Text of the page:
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A thriller from Mexico and a debut detective novel: The Jewish books you need to know this month

Welcome to your monthly tour of the Jewish literary landscape! I have four new titles to share and a special announcement — we just launched our Bookshop storefront, where you can shop the books recommended in this newsletter. I’ll be keeping the page updated with titles I’m loving, Forward Book Club picks, and other fun lists of recommended reads. If you click through and shop from our page, the Forward will earn a small commission; you can also use your purchase to support your favorite local bookstore. See you there!

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Leigh Stein

Image by Brian Jacks Lores

Leigh Stein spends a lot of time on the Internet. She has to, because she writes about it. With the publication of her novel “Self-Care,” a satire of the kind of girlboss feminism that often predominates online, she became the lampooner-in-chief of the wellness industry and its efforts to sell women a better state of mind.

But, as so many of us have found to our detriment, it’s pretty difficult to advance one’s life work while also constantly refreshing Instagram. I talked to Stein about what a writing life looks like when your subject happens to be the extremely addictive, energy-sapping behemoth that is the online world. Our conversation convinced me to turn off my phone on the weekend — maybe Stein will persuade you, too.

Her morning routine: I’m a big believer in the eat-the-frog productivity technique — meaning, do the thing you’re most likely to procrastinate on first. The frog is the thing you don’t want to eat, and that’s why you have to eat it first. If I don’t write in the morning, I’m never going to write the rest of the day because I’m going to be doing whatever other people want me to do.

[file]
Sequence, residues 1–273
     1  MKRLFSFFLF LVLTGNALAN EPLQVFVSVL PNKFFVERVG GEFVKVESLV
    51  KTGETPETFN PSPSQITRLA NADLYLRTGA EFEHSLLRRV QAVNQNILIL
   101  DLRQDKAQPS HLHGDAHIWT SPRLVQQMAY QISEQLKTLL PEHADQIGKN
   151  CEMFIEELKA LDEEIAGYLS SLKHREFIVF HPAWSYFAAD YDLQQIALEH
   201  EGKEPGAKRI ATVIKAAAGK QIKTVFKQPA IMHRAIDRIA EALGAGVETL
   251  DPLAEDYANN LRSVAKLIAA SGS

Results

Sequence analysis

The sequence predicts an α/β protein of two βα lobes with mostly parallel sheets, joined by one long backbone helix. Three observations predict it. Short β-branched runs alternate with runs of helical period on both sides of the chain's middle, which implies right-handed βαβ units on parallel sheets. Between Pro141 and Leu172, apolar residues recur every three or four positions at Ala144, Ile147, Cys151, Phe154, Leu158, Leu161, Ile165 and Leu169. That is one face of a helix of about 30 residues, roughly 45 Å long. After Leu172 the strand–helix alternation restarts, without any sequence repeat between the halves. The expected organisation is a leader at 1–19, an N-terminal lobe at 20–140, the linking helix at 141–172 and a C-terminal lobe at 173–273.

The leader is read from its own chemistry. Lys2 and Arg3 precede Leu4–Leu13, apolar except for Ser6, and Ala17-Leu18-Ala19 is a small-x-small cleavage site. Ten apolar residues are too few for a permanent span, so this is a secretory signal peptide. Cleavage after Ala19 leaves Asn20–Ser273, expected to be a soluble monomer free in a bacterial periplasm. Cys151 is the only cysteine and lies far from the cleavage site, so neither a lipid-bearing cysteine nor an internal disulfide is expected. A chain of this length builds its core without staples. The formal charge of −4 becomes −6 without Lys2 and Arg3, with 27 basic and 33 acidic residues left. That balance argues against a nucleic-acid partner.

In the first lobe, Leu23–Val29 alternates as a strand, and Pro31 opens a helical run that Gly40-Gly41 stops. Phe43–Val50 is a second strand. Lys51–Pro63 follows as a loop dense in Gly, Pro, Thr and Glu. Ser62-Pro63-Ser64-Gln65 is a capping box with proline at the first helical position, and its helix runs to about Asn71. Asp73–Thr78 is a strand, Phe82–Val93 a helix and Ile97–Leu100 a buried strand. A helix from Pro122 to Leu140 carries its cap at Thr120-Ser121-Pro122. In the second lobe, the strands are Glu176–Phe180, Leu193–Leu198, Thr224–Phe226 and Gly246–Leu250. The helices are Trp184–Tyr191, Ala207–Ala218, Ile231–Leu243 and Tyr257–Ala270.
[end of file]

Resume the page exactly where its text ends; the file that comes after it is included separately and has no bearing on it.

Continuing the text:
The best-case scenario is if I turn off my phone and close all my tabs the night before, so that when I sit down at my computer I’m just looking at the document. I write before I check my email, before I check Twitter, before I turn on my phone.

On word counts: Before the pandemic, I spoke at a writing conference about the process of “Self Care,” which hadn’t come out yet. I said that I wrote this novel by setting a goal of 250 words a day, and a woman at the back of the room yelled out, “That’s a grocery list!” Like, wow, thanks a lot. But you can write a whole book that way. I find it more psychologically healthy to set a low goal and then exceed it than to set a high one and feel like I’m failing every day. I’m a productivity nerd, and I do track how much time I spend writing and how many words I write, just because it makes me feel good to compete against myself.

On tech breaks: I turn off my phone and my computer from Friday night until Saturday at sundown. It helps me so much, because I get all my ideas on Saturday. I don’t have this device to check whenever I’m bored or unsure what I’m supposed to do next, and it lets my mind wander. I think that’s what we’re really missing, opportunities to let our minds wander.

Then I turn my phone on and get all the notifications and my body freezes. That’s the thing about the internet — it’s on 24/7. Even when I’m asleep, people are emailing me, people are responding to my tweets. There’s no way to totally turn it off. You can just set your own breaks.

On real self care:l I believe that true self care doesn’t cost money. True self care is drinking water. It’s going outside, it’s getting some light exercise, it’s getting sleep every night. But companies can’t profit off that, so they come up with ways to sell us self-care.

Image by The Forward

There’s not even one character to root for in this spare, cutting tale of social inequality and the terrible violence it breeds. The novel is set in a Mexican gated community, where a teenage boy named Polo works a dead-end job as a gardener. When he’s not running errands for the development’s entitled residents, Polo gets hammered with Franco, a pornography-obsessed boy living in the development with his wealthy grandparents. Polo hates Franco — most of the time, he calls him “fatboy” — and he’s repulsed by the boy’s obsessive fantasies about his married neighbor, Marián. But when Franco becomes fixated on breaking into Marián’s house to “seduce” her, Polo sees a plan that could benefit them both.

“Paradais” isn’t easy to read — even Melchor’s editor called it a “hypnotic, evil little book.” Instead of “relatable” characters or redemptive endings (if you think that break-in is going to go well, think again), the novel offers readers an audience with an author at the top of her craft. Melchor breaks pretty much every rule of conventional storytelling. She changes tense and sometimes perspective within sentences, which often go on for pages without a period. Paragraph breaks? Forget about it. Yet Melchor never let me get lost; instead, her prose whisked me along, keeping me immersed in Polo’s breathless, claustrophobic monologue.